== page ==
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The neuropeptide VIP potentiates intestinal innate type 2 and type 3 immunity in response to feeding

Abstract

The nervous system and the immune system both rely on an extensive set of modalities to perceive and act on perturbations in the internal and external environments. During feeding, the intestine is exposed to nutrients that may contain noxious substances and pathogens. Here we show that Vasoactive Intestinal Peptide (VIP), produced by the nervous system in response to feeding, potentiates the production of effector cytokines by intestinal type 2 and type 3 innate lymphoid cells (ILC2s and ILC3s). Exposure to VIP alone leads to modest activation of ILCs, but strongly potentiates ILCs to concomitant or subsequent activation by the inducer cytokines IL-33 or IL-23, via mobilization of cAMP and energy by glycolysis. Consequently, VIP increases resistance to intestinal infection by the helminth Trichuris muris and the enterobacteria Citrobacter rodentium. These findings uncover a functional neuro-immune crosstalk unfolding during feeding that increases the reactivity of innate immunity necessary to face potential threats associated with food intake.

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Fig. 1: ILC2s and ILC3s express VIPR2 and closely associate with VIP+ nerve fibers in the small intestine.
Fig. 2: VIP synergizes with alarmins to activate ILC2s and ILC3s through cAMP and Ca2+ dependent pathways.
Fig. 3: Feeding induces rapid VIP release in the intestine.
Fig. 4: VIP potentiates the response of ILC2s and ILC3s to alarmins.
Fig. 5: VIP reinforces type 2 and type 3 ILC-mediated immunity against infection.

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Acknowledgements

We thank all members of the Microenvironment and Immunity unit, the Perception and Memory unit, and the Stroma, Inflammation and Tissue Repair unit, in particular Bernadette Polomack for mouse genotyping. We also thank Uwe Maskos, Fani Koukouli and David Digregorio for providing us VIPCre Mice, and Meinrad Busslinger for the Gata3GFP mice. We thank Pierre Bost for sharing its expertise on image analysis, Jacques Serizay for providing guidance in data visualization for Fig. 1, Christelle Ganneau and Sylvie Bay for sharing their expertise on peptides biochemistry as well as Martine Jacob and Catherine Fayolle for their precious technical support with mice. M.P. is a recipient of a fellowship from the French Ministère de l’Education Nationale et de la Recherche. This work was supported by Institut Pasteur, a seed grant from the Institut Pasteur Strategic Research Axis 3, INSERM, CNRS, the life insurance company “AG2R-La-Mondiale” and grant ANR-16-CE15-0021-01 from the Agence Nationale de la Recherche Scientifique. C.W. and A.K. were funded by the Deutsche Forschungsgemeinschaft (DFG, German Research Foundation) under Germany’s Excellence Strategy – EXC2151 – 390873048 and program grants from the DFG (SPP1937, WI 4554/1-1 and WI 4554/1-2).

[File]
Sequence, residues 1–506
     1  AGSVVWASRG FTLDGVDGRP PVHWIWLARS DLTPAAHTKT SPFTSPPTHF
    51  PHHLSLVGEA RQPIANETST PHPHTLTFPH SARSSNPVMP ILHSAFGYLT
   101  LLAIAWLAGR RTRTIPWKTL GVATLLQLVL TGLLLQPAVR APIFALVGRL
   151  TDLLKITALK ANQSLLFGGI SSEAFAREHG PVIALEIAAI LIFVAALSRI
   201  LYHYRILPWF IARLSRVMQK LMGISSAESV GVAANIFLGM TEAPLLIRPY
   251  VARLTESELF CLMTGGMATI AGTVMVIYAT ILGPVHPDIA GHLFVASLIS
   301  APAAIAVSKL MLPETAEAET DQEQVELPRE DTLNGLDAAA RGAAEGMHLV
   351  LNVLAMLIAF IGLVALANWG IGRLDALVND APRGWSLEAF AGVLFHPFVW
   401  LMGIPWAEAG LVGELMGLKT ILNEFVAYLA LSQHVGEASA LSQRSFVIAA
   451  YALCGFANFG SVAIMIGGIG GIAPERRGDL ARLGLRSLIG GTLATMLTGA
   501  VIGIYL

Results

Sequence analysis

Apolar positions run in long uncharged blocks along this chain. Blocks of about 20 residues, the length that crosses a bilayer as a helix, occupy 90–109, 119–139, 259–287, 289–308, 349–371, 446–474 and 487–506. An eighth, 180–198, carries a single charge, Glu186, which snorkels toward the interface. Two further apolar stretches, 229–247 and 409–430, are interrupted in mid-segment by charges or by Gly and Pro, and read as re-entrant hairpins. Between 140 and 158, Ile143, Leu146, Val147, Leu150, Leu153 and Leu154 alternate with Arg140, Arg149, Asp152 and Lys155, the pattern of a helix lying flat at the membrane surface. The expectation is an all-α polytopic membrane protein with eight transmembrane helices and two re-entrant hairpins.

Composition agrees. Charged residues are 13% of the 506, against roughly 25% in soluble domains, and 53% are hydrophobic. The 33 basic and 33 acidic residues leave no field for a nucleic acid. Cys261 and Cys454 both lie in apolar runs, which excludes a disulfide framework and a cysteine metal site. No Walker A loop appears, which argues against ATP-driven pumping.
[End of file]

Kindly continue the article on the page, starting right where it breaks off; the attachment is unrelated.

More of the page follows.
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M.P., conceptualization, methodology, validation, formal analysis, investigation, writing—original draft, writing - review & editing, visualization, supervision; A.K., methodology, validation, formal analysis, investigation, review & editing, visualization; G.C., conceptualization, methodology, investigation; L.D., J.D., A.D., F.J., S.D., C.M., investigation; S.S., K.S., formal analysis; Y.B., resources; G.L., conceptualization, methodology, investigation, writing - original draft, writing—review & editing, supervision, funding acquisition; P.-M.L., C.W., conceptualization, methodology, writing—original draft, writing—review & editing, supervision, funding acquisition; G.E., conceptualization, methodology, writing—original draft, writing—review & editing, project administration, funding acquisition.

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Correspondence to Maud Pascal, Pierre-Marie Lledo or Gérard Eberl.

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G.E. is a deputy editor at Mucosal Immunology.

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Pascal, M., Kazakov, A., Chevalier, G. et al. The neuropeptide VIP potentiates intestinal innate type 2 and type 3 immunity in response to feeding. Mucosal Immunol 15, 629–641 (2022). https://doi.org/10.1038/s41385-022-00516-9

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